When we decided to start this blog it was the result of over 15 years of working to build resiliency into our lives.  Of course we didn’t call it that at first.  We were just called ourselved homemakers and then later in the process homesteaders. Maybe I had a stronger than normal self reliance bent based on years of being being a Boy Scout when I was young.  So what lead me down this road?

During the mid 70′s, I had my first exposure to resource scarcity when the Arab Oil Embargo of 1973 hit while I was in college.  I sat in long lines, like so many others, waiting to fill my little Volkswagen Karman Ghia with gas. For the first time in my life, I suddenly realized just how quickly things could go from ”the Land of Plenty” to strict rationing of a commodity we all depend on for our way of life.   

I began reading news articles and magazines like Mother Earth News (no Internet back then!) which talked about building solar heating panels, wind generators, growing your own food and developing a little thing called “Self Reliance”.  I was so intrigued with the concepts of alternative energy production that I started a company, with my first wife, in 1975 called Eternal Energy Company and for 10 years we sold and installed thousands of square feet of solar thermal heating panels, hundreds of wood burning stoves, performed energy audits of homes and businesses and installed energy conservation products. I spoke at dozens of conferences, trade shows and civic groups to explain the topics of alternative energy systems and energy conservation. 

But then a funny thing happened…  Oil started flowing form the Purdhoe Bay oil fields in Alaska in 1977 and while energy prices continued to increase, they peaked in 1981 and then began to fall and everything got better!… or did it?  I sold my alternative energy business in 1985 as low fuel prices dried up demand for our products.  I began working in the computer technology field and getting farther from my alternative roots.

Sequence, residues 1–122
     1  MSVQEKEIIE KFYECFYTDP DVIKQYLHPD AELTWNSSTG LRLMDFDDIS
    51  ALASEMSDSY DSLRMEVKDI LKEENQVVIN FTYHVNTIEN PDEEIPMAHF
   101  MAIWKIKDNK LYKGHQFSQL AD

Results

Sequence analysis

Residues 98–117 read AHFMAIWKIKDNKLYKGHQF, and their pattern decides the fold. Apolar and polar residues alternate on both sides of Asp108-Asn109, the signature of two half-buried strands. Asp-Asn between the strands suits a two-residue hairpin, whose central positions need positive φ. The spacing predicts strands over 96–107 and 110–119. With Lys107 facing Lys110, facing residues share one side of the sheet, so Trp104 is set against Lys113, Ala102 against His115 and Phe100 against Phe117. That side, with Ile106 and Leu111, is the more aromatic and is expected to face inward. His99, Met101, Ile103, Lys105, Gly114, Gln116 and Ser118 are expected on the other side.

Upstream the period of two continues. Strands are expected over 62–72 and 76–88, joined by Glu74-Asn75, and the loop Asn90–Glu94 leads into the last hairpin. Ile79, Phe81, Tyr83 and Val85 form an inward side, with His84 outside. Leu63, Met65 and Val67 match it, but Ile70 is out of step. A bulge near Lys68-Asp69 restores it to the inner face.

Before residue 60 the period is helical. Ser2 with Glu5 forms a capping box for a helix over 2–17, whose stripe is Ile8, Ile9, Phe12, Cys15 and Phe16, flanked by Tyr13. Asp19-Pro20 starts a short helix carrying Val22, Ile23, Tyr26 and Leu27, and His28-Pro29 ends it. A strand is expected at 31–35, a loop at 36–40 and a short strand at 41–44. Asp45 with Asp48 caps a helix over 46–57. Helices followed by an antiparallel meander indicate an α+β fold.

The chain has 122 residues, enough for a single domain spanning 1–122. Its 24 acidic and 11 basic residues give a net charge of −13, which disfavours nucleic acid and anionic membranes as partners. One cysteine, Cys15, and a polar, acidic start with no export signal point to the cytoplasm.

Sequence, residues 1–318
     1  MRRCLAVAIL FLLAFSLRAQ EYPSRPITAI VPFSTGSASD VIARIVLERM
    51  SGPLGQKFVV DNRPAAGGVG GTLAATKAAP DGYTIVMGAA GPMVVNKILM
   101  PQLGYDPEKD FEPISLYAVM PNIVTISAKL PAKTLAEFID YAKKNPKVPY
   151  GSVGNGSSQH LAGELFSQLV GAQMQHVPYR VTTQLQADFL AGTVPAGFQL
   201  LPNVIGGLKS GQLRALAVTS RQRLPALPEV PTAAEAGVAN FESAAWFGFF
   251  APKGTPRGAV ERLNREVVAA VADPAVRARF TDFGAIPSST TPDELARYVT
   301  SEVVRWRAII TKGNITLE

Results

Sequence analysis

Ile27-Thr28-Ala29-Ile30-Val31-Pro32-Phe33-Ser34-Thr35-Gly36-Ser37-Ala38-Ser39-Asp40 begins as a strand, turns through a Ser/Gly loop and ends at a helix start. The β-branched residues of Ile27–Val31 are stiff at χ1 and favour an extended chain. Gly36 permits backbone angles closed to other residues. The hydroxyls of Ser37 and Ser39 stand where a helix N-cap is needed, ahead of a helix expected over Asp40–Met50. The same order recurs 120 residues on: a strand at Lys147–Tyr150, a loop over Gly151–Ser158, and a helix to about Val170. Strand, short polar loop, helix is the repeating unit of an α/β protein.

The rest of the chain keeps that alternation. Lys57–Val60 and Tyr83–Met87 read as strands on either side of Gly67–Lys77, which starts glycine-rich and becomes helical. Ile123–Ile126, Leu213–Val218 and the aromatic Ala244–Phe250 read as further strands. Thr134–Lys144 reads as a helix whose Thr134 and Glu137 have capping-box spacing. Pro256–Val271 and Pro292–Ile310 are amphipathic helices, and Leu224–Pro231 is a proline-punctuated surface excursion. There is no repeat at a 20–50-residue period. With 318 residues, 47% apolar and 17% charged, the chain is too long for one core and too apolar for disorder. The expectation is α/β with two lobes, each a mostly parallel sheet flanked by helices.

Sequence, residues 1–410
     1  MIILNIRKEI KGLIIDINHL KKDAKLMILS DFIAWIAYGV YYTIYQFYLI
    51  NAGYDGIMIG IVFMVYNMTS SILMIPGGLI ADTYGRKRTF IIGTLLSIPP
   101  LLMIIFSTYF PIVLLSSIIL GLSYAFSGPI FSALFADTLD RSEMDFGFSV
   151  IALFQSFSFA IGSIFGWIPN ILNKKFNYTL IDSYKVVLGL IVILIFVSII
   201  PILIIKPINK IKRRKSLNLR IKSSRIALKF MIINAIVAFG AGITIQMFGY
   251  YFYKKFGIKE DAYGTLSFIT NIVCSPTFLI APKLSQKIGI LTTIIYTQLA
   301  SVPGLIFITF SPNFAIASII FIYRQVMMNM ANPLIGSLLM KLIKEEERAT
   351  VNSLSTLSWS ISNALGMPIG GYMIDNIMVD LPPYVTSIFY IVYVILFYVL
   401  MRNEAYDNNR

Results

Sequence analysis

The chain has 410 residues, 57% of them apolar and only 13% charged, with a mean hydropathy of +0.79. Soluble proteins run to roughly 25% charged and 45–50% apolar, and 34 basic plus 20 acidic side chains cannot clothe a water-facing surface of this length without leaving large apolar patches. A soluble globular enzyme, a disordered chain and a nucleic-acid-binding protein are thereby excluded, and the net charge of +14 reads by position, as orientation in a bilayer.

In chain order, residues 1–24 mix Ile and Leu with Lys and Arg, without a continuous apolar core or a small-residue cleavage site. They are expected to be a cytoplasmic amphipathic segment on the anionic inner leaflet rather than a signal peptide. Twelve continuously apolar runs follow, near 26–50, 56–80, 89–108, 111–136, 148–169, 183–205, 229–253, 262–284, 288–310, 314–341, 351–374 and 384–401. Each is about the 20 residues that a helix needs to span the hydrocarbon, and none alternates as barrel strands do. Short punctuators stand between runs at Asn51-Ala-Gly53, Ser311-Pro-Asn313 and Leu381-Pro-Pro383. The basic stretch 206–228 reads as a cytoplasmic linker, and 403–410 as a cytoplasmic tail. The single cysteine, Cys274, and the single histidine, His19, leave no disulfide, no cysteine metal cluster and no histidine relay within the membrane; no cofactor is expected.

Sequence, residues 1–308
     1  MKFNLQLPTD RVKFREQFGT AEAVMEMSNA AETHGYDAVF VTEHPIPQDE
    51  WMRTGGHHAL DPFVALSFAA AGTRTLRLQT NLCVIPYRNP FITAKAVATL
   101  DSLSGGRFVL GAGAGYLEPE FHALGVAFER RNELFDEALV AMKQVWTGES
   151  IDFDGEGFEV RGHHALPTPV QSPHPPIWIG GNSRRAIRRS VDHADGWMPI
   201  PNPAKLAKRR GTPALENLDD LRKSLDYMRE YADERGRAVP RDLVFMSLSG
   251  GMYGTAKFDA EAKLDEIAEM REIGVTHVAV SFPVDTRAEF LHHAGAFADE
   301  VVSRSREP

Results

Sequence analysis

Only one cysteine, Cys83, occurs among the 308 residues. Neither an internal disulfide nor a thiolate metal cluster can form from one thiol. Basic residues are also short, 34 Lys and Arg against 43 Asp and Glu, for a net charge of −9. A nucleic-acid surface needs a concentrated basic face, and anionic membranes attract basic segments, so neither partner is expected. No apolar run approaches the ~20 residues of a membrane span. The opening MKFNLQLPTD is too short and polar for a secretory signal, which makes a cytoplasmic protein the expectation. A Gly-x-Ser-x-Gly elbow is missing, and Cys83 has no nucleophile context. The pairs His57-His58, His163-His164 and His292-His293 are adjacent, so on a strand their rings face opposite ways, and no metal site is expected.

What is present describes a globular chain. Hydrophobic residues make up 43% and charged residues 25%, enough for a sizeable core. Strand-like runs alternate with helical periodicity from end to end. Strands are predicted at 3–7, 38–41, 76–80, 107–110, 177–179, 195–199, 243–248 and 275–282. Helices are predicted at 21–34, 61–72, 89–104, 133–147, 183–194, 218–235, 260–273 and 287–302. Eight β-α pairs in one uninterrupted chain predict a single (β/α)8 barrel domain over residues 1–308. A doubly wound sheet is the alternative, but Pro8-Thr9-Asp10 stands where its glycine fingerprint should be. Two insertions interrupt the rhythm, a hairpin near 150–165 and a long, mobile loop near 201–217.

Fast forward to 2007.   We were living The American Dream. But it was becoming a nightmare.  We were heavily in debt with cars, student loans and consumer credit card debt totalling nearly $100,000.  The interest aone was over $700 a month.  We were living the life but wondering how we were going to make even the minimum payments. What we were REALLY doing was living way beyond our means. We were living today with tomorrows money.  We were the consumers that society wanted us to be, and we were enjoying the ride! 

One night my wife sat down and asked how we were going to pay off the bills we were racking up.  I had no response… but she did!  She handed me a book. It was Dave Ramsey’s “Total Money Makeover“.  I read it like a thirsty man who just found water.  We started “the program” that week and never looked back.  It took 2 solid years and a total reprioritization of our life but by 2009 we were DEBT FREE!  We had done it… and it felt great!   But because of who we are, we began looking for the Next Mountain to Climb!  It wasn’t too hard to find.

Resilience is defined as “The ability to recover quickly from illness, change, setbacks or misfortune.”  Resilience is most commonly understood as a process, and not a trait of an individual.  We see resilience as the process of making our lives more secure and structurally sound; learning and practicing the skills we need to support the livelihood of our family; and securing the tools and supplies we will need in case there is a significant disruption in the socio-economic systems that support us every day Resilience is not paranoia, it is not becoming overwelmed by focusing on only the negatives that could happen.  In fact, it is just the opposite.  It is a slow and purposeful structuring our home and our lives to become secure and flexible in the face of certain change.